Barbaro Makes This Vet Think Twice About Her Heroes
Last week I received another issue of the glossily produced, University of Pennsylvania Vet School quarterly magazine, The Bellwether. Its last two issues have sported Barbaro, the school’s most recent poster child for its success in cutting edge medicine, on its cover.
As you might expect I have a few opinions on the subject of Barbaro and, although this may not be the ideal forum (since pets is the Dolittler thing), I thought I might give it a go anyway. Thank you for your indulgence. Here goes:
If there’s anything that holds up a mirror to our collective love of horseracing, it’s a horse like Barbaro. His saga exemplifies all that we love about the sport: the marriage of athleticism and grace pushed to courageous extremes of strength and endurance. Unfortunately, his catastrophic injury and months of hospitalization also reveal the sport’s bitter reality: horseracing claims lives more often than it produces heroes like Barbaro.
My confession: I’m a veterinarian and I have always loved horseracing. Since I was a little girl, I’ve marveled at Affirmed, cheered for Spectacular Bid, and shed more than my share of tears over Ruffian and Genuine Risk. I’d like to think it was horses like these that gave me the courage I needed to meet my goals.
As a kid, I idolized racehorses like other girls worshipped rock stars. The reality is that in our popular culture nothing says power and prestige quite like horseracing. Why else would the sport outlast millennia? Why else would the otherwise urban-centric rap culture embrace it?
As a student at the University of Pennsylvania’s New Bolton Center, where Barbaro is (still!) a patient, I reveled in the velvet-rope access to famous mounts just like him. I loved and cared for them like a groupie with a backstage pass. Spoiled rotten and silly, these famous three-year-olds gave new meaning to my sleepless nightlife. But while I was there, I also learned firsthand that horseracing has a dark side, just like any other sport or limelight venture.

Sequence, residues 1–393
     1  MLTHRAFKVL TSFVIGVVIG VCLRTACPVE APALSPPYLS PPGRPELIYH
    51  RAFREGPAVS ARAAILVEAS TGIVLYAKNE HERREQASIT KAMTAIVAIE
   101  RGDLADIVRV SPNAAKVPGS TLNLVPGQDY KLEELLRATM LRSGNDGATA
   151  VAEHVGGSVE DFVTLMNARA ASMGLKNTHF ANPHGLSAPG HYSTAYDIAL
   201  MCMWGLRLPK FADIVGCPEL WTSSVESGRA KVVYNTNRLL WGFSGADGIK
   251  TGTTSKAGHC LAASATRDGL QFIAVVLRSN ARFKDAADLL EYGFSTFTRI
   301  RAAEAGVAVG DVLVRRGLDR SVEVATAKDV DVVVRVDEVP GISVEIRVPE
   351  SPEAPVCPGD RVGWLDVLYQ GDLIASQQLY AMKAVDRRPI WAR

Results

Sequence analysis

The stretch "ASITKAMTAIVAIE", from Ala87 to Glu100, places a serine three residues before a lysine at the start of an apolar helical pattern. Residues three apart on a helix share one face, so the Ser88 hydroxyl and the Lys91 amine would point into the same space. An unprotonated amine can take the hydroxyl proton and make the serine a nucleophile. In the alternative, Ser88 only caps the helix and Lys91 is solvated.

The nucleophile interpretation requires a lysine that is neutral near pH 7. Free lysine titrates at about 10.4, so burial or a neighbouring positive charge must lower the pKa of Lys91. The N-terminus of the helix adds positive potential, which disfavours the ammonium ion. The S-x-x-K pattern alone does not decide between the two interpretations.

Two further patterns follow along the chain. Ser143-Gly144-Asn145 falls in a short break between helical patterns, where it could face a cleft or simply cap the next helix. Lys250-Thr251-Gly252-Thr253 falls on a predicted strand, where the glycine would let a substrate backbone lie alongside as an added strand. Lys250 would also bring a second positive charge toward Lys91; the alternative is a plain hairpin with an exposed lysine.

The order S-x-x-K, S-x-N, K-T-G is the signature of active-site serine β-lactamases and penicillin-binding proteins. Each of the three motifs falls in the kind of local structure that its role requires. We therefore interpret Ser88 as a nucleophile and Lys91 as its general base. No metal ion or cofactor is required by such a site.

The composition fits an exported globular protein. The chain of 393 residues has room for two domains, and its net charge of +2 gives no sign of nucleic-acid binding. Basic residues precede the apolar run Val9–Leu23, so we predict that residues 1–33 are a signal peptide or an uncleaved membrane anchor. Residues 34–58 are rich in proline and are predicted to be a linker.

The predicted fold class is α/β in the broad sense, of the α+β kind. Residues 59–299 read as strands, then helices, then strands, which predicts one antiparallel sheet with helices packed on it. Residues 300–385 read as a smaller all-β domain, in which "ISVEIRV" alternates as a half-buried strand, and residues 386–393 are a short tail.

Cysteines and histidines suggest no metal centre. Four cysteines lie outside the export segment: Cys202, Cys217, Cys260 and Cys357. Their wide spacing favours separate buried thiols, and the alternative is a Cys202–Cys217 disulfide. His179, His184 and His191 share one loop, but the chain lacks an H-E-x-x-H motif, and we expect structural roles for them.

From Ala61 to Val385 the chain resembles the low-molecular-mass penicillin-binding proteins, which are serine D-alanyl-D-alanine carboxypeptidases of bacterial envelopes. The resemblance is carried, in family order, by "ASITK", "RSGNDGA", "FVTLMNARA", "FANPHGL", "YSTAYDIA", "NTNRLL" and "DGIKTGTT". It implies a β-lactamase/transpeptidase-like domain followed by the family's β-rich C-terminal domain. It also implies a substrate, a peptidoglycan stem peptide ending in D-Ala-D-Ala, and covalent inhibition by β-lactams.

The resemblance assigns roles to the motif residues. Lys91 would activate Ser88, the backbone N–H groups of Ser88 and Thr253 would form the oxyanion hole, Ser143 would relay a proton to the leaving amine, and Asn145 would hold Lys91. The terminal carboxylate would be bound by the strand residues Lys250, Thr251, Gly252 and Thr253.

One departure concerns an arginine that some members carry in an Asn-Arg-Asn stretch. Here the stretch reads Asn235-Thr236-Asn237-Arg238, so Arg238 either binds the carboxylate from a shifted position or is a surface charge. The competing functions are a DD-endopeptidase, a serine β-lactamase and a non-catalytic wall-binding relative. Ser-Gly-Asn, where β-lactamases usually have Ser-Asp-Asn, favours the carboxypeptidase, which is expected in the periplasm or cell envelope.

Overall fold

In vet school, it became impossible to ignore that racing took a huge orthopedic toll. As one of my professors, Dr. David Nunamaker, has said, "[Horseracing] is more dangerous than any sport you’ve ever heard of." His studies show that 1.5 out of a thousand race starts result in a catastrophic [usually life-ending] injury. Statistically speaking, that means horseracing may well best Pamplona’s running of the bulls for percentage of deaths per event.
So when I saw Barbaro being hoisted from the recovery pool that race day I followed his progress with bated breath like everyone else. Two months later, hearing about his near-death on NPR, I couldn’t help but consider my own contribution to his then-imminent demise. As a fan, was I not somewhat to blame for the glorification of a sport that yields cases like his?
Whether as veterinarians, animal lovers, or simply as members of a progressive society, do we not have a responsibility to advocate for these horses' safety, just as we have for child athletes and others who can’t have the benefit of an informed choice? While the extreme danger of the sport persists, it seems likely that, at some future time, our increasingly animal-centric society will begin to go the way of Britain and other nations — we’ll start to reject the racing industry’s lack of safety standards that lead to tragedies like Barbaro’s.